This is the sort of work I not only do with my coaching clients, but I teach them how to do it for themselves also. Interested in learning more? Sign up for a free one hour coaching session today and I will share ways to not only get more stuff done, but also how to enjoy the victories more.
Hi Honey, I’m Home! What? No dinner?
Sometimes my brain is a real asshole.
I wrote this in my journal last night: “I was up at 6 am, worked all day, ran 3 miles after work, took a shower. I am not sure what Jenn [my wife] did all day. At 7 pm she suggested I could have a pouch of Indian food and she could have leftover pizza or leftover mac & cheese. Seriously? Instead of that, I made new food that I can eat. Aaand, now Jenn’s eating that.”
It was like Darrin Stephens, the husband on Bewitched showed up to tell me it was 1966 and that I should be able to expect my wife to cater to me. Don’t I do enough around here?
Some facts my brain omitted:
So why the Bewitched routine?
It’s because I couldn’t access those bits of info while I was in the middle of feeling put upon. I could only see evidence for how I was right and Jenn was wrong.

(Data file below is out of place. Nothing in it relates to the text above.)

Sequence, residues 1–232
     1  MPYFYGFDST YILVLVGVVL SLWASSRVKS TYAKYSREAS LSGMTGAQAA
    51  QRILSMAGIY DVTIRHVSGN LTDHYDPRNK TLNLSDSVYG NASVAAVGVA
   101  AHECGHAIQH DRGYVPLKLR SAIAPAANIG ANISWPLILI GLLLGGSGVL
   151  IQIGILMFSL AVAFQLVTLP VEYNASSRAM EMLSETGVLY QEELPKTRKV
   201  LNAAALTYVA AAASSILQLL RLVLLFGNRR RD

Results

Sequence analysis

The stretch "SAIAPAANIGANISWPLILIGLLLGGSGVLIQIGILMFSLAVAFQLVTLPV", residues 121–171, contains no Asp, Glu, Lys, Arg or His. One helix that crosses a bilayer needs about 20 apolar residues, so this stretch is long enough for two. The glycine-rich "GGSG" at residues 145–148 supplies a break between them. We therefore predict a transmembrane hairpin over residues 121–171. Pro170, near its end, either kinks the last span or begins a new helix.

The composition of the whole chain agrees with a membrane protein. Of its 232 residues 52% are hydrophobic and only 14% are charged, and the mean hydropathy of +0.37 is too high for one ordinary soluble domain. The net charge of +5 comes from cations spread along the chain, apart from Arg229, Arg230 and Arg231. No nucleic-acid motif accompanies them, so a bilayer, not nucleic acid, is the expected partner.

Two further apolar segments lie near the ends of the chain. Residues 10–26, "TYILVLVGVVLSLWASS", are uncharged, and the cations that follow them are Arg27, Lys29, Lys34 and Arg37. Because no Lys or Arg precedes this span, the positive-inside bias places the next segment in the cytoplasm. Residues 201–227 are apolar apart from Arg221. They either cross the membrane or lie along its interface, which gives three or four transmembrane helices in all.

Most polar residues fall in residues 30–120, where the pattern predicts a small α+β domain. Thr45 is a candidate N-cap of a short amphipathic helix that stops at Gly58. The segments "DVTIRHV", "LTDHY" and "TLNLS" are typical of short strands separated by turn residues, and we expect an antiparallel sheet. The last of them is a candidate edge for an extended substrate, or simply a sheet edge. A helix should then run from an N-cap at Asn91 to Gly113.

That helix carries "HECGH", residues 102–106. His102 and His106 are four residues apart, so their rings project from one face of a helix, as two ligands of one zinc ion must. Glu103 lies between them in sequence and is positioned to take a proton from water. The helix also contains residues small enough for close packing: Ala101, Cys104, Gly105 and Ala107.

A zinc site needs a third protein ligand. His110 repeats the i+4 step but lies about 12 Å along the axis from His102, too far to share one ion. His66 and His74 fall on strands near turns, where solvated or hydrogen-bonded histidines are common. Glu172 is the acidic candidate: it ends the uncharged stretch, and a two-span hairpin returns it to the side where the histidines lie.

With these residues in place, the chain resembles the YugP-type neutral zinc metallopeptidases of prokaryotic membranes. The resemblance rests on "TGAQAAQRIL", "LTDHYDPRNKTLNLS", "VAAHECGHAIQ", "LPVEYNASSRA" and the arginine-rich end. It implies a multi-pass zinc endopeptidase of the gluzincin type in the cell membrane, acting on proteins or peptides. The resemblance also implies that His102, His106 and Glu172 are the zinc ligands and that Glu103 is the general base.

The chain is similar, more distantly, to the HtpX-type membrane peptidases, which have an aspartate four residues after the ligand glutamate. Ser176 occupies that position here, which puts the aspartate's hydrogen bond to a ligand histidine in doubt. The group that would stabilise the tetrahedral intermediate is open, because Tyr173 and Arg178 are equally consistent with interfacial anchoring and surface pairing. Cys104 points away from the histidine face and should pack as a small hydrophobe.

Did I start a fight? No (thank goodness, because it would have been a really dumb argument.) Did I sulk? Yeah, I sulked for awhile. But I’m really glad I took the time to make some notes in my journal, taking a beat to sort myself out before I launched into a martyr-fueled rant.
To be sure, responsibility for a good marriage falls on both partners, but I’ve learned that I need to approach the “what I want” conversations with Jenn when I don’t have a bunch of weird Darrin Stephens crap that is all my own, coloring the conversation.
That’s a gift of coaching. Because I coach, I’ve developed techniques to get to a level of clarity before I create a situation that is much harder to sort out. And I help my clients develop their own set of techniques to get clear on what they want and get themselves sorted out and then have those conversations with their spouse to get to a happier, more satisfying relationship.
If you want to be happier in your marriage, sign up for a free one hour coaching session today. Don't be Darrin Stephens. It’s not too late to begin making it better.